When you think of the food scene in Los Angeles, you probably think of Koreatown or the San Gabriel Valley -- not UCLA. But for the last few years, that university's Westwood campus has been the site of some pretty amazing food events, in the form of lectures and demos from professor Amy Rowat's Science and Food series.
Since 2012, Rowat has brought in David Chang, Rene Redzepi, Alice Waters and Wylie Dufresne, among others. And this year, the series is back, with two events on March 8 and May 11 -- and a third one still in the works.
First up is a discussion on the subject of "The Impact of What We Eat: From Science and Technology, to Eating Local," with chef Daniel Patterson (Coi, Locol), Kent Kirshenbaum of NYU and Paul B. Thompson of Michigan State University. Patterson, you may recall, recently opened Locol in Watts with Roy Choi. The second event is "Microbes: From Your Food to your Brain," and features Sandor Katz, the James Beard Award-winning author of two books on fermentation and a self-described "fermentation revivalist," and UC San Diego's Rachel Dutton and UCLA's Elaine Hsiao.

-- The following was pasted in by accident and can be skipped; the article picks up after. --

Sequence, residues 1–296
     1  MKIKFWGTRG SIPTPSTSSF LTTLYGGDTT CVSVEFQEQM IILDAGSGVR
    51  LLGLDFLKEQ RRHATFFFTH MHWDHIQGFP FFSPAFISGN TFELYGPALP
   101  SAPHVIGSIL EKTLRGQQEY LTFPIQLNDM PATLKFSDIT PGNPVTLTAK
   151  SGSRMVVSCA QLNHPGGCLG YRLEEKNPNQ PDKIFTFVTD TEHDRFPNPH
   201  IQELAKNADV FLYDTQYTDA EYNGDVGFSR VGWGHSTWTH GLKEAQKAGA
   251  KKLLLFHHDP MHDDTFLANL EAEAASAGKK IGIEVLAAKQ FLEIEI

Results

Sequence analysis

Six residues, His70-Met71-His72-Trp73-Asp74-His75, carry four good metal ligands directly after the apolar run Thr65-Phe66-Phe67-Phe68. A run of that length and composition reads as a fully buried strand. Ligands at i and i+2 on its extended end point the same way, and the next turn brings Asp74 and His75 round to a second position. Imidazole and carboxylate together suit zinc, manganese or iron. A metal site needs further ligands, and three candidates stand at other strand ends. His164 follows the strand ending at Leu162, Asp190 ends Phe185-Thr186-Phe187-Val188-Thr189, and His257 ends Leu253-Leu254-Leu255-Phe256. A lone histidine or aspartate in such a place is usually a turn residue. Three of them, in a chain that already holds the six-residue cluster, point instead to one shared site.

"This year we wanted to focus on the future of food," Rowat wrote in an email, "which is a much-talked-about topic, with all these new plant-based foods that are cropping up, the tensions between science and technology and eating local, fresh whole foods, and the University of California's Global Food Initiative, which is engaging the UC community in discussion of some of these topics."
As for the future of the series, Rowat says she wants to make the Science and Food program at UCLA self-sustaining, and to continue to work with local schools to educate students about science through the study of food.
The Science and Food series began as a UCLA course. Rowat, a physicist with a PhD from the University of Southern Denmark, pioneered a similar series at Harvard.
Tickets are now available online, by phone at (310) 825-2101 or in person at UCLA's ticket office.
All lectures will be held at Schoenberg Hall, near Hilgard Avenue and Westholme Avenue in Westwood. Doors open at 6:30 p.m.
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